Black women in Atlanta face greater risk for breast cancer

Breast cancer impact on Black women
Published: Oct. 10, 2022 at 10:29 AM EDT
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ATLANTA, Ga. (Atlanta News First) - While thousands of women are impacted by breast cancer each year, Black communities face a greater risk for the disease.

Black women are 42% more likely to die from breast cancer than white women. Genetics, lack of resources, systemic factors, and environment influence the alarming disparity.

Tiah Tomlin, a breast cancer survivor and advocate for breast health, said raising awareness is key to improving mortality rates in Black women.

“It’s truly different how the disease affects us as Black women,” said Tomlin.

In 2015, she co-founded My Style Matters, a nonprofit organization providing education and resources for Black breast cancer patients.

“I saw a lot of gaps in supportive services for young women – particularly young black women,” said Tomlin. “No sister, as we say, should walk alone.”

Black women are two times more likely to face triple-negative breast cancer, a more aggressive and deadly subtype of the disease.

April Donaldson, a mother of three, received a triple-negative breast cancer diagnosis in February 2020. She underwent chemotherapy, radiation, and surgery and believed she was cancer-free.

She was devastated when the cancer returned six months later.

“You don’t even know what questions do you ask. People ask what do you need, and you don’t know what to ask for,” said Donaldson. "

Donaldson discovered My Style Matters shortly after her diagnosis. She said the support, education, and resources from h the nonprofit were just as important as her healthcare.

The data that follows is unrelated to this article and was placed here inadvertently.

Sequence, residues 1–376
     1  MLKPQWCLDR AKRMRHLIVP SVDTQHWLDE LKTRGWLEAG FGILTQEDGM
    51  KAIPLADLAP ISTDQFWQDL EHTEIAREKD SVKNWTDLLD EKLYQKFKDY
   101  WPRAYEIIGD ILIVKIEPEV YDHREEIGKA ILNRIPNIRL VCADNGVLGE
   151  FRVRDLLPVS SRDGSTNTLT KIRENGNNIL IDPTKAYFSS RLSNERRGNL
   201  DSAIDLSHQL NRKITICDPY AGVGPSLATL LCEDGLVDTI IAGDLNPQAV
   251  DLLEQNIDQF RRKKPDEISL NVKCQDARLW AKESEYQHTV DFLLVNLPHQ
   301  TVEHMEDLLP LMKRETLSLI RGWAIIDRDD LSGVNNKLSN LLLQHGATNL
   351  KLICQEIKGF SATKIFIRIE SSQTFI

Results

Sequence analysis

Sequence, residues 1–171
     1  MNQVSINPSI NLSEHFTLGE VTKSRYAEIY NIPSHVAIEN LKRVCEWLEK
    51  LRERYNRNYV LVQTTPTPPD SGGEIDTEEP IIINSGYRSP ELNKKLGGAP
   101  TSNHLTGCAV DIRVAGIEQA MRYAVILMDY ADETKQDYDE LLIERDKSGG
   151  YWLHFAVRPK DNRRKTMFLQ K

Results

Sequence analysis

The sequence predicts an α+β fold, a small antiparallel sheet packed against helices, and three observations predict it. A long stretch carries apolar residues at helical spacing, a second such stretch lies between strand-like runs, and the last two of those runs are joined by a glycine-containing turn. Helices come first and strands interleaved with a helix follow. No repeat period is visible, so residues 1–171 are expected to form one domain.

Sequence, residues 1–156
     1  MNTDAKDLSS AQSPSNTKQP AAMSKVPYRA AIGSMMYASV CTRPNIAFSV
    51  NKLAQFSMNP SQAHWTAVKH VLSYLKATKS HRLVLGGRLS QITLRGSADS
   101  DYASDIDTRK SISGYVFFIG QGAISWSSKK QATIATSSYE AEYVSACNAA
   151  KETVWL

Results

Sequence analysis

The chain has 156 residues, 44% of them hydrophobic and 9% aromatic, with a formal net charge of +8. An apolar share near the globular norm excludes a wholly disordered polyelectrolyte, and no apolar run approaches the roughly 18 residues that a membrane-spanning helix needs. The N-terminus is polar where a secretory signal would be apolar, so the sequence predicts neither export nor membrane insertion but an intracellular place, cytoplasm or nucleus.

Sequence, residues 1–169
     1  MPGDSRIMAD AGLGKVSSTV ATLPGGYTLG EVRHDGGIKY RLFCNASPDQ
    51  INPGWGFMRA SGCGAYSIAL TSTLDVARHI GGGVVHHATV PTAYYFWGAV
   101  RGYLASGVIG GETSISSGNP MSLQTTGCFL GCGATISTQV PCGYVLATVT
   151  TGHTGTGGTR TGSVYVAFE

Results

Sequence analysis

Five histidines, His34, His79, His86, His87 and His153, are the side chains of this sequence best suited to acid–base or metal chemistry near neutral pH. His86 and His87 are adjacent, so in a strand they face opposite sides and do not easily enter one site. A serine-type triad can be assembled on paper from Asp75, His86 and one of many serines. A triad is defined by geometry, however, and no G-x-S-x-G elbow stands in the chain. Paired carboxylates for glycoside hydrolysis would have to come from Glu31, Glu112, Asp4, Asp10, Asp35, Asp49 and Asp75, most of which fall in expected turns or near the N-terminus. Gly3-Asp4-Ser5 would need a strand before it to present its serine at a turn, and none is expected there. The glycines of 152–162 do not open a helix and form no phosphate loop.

“I feel like with cancer you can’t go through that alone,” she said. “That makes a huge difference I think in survival and response to treatment.”

My Style Matters is headquartered in Atlanta, which reports the largest disparity between Black and white women dying from breast cancer in a major U.S. city. Experts say environmental factors are partially to blame, from pollutants to chemicals in skin and hair products, heavily used by Black women.

“We are the biggest spender in the beauty industry. We spend nine times more than any other race in the beauty industry, yet we have the highest body burden,” said Tomlin. “You don’t know what you don’t know. Until we bring awareness to this problem, then we can bring change.”

My Style Matters provides five weeks of produce and non-toxic care packages for people undergoing treatment. Patients can also access support through peer navigation and coaching, and educational programs for cooking, limiting toxins in beauty and cleaning products, and lifestyle programs.

“We’re bringing hope to our communities,” said Tomlin. “We’re making strides, but we’ve got to do more. We have a long way to go to make sure Black women, Black people are safe.”

Providing services for Black women is also an effort to undo decades of damage from systemic racism.

“There is a distrust with healthcare because of the historical background with black people being used in things like the Tuskegee experiment and Henrietta Lacks project,” said Donaldson. “Is my doctor going to see me as a human being – as a person? That sometimes prevents Black women from seeking treatment early.”

Black women are also more likely to be insured through Medicaid. One in four Black women, or 3.3 million nationwide, receive coverage. However, beneficiaries face more frequent treatment delays.

Donaldson and Tomlin agreed spreading awareness of breast cancer’s impact in Black women is key in saving lives.

Tomlin has also created an initiative, My Breast Years Ahead, offering support and community for Black women fighting cancer through social media.

As Donaldson continues to battle her second bout of the disease, she wrote God Made Me Strong, a book to encourage families facing similar struggles.

“No matter what happens, how scary things get – there’s always brighter days ahead,” said Donaldson.